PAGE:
Chapter 2: approaches to understanding emotions
Humans are descended from other species: we are not only closer to animals than had been
thought, but we ourselves are animals.
Observed emotional expressions in nonhuman species, as well as in adult and infant humans
(normal and abnormal)
One of the first to use questionnaires
One of the first to use photographs of naturalistic and posed expressions to make scientific points
2 questions that guide emotion researchers today
How are emotions expression in humans and other animals?
Where do our emotions come from?
Concluded that emotional expressions derive largely from habits that in our evolutionary or
individual past had once been useful. These are based on reflex like mechanisms. Some actions
occur in modern humans whether they are useful or not, and are triggered involuntarily in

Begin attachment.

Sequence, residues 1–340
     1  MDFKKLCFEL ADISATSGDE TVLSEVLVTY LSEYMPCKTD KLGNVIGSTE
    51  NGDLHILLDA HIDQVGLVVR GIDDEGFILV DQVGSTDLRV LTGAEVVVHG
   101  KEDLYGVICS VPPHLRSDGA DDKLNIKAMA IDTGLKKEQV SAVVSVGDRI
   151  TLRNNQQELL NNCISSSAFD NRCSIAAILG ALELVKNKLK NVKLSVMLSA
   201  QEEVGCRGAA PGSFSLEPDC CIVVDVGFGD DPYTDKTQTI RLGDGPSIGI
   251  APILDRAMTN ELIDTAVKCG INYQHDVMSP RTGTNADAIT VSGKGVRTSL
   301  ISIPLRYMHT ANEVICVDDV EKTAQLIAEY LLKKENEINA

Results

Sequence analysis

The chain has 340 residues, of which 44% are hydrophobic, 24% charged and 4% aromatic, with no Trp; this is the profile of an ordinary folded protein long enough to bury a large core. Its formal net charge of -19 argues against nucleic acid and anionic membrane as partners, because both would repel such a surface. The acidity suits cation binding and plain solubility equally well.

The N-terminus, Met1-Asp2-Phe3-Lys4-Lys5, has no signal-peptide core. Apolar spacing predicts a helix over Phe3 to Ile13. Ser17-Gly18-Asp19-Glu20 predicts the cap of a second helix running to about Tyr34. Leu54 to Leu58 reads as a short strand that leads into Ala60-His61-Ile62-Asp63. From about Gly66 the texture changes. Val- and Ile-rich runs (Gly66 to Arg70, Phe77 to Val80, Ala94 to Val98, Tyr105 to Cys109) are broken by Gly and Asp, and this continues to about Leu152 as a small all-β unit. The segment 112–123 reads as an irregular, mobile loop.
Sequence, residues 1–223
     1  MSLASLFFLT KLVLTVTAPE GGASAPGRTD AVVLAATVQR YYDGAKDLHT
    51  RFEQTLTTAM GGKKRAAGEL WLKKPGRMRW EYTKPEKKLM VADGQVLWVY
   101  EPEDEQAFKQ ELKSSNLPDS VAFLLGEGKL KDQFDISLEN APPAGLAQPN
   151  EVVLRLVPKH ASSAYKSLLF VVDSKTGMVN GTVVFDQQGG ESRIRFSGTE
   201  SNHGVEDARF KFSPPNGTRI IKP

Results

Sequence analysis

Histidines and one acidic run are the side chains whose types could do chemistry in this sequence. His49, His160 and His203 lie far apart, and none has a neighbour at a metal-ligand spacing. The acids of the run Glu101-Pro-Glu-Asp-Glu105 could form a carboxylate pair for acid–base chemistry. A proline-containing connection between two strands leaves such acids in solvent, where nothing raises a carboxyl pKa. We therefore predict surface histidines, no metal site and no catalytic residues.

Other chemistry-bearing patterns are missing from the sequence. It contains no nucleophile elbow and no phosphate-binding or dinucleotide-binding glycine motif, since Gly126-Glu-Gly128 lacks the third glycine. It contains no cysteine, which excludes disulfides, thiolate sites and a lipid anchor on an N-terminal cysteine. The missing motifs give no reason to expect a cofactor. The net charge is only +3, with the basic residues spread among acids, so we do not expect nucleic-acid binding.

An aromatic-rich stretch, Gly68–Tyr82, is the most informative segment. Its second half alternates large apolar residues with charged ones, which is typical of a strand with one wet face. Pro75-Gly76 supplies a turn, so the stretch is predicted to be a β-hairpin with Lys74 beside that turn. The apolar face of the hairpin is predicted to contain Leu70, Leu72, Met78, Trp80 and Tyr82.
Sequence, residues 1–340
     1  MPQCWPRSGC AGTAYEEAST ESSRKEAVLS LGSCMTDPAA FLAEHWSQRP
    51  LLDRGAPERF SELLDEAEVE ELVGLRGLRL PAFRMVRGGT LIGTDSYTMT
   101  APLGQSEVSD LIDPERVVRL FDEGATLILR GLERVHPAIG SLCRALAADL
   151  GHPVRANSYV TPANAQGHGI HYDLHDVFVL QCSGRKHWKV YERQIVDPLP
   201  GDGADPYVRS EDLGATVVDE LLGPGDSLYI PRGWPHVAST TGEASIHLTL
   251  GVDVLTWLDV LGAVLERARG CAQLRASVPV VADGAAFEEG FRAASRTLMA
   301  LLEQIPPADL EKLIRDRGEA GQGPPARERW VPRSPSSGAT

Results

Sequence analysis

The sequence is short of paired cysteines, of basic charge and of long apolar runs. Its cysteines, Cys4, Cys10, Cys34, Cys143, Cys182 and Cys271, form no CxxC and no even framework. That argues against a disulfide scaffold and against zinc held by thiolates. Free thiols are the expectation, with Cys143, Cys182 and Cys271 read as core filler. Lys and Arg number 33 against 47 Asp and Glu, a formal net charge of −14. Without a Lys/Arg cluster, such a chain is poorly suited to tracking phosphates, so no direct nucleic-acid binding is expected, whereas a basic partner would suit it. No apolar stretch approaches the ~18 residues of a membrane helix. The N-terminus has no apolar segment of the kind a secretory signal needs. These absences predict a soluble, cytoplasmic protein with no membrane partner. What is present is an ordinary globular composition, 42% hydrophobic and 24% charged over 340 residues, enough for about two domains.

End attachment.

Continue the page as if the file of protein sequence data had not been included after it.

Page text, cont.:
circumstances analogous to those that had triggered the original habits
Emotional expressions showed the continuity of adult human behavioural mechanisms with those
of lower animals and with those of infancy
He thought emotional expressions were like vestigial parts of our bodies.
Darwin suggested that patterns of adult affection, of taking those whom we love in our arms, are
based on patterns of parents hugging young infants.
Emotions links us to our past, both to the past of our species and to our own infancy
Movements of expression in the face and body, are of much importance for our welfare
Serve as the first means of communication between the mother and her infant; she smiles
approval, and thus encourages her child on the right path, or frowns disapproval. We readily
perceive sympathy in others by their expression
When we perceive the object of fear, a bear, “the exciting fact” as he put it, then the emotion is the
perception of changes of our body as we react to that fact.
What we feel is our heart beating, our skin cold, our posture frozen, or our legs carrying us
away as fast as possible
The core of an emotion is the pattern of bodily responses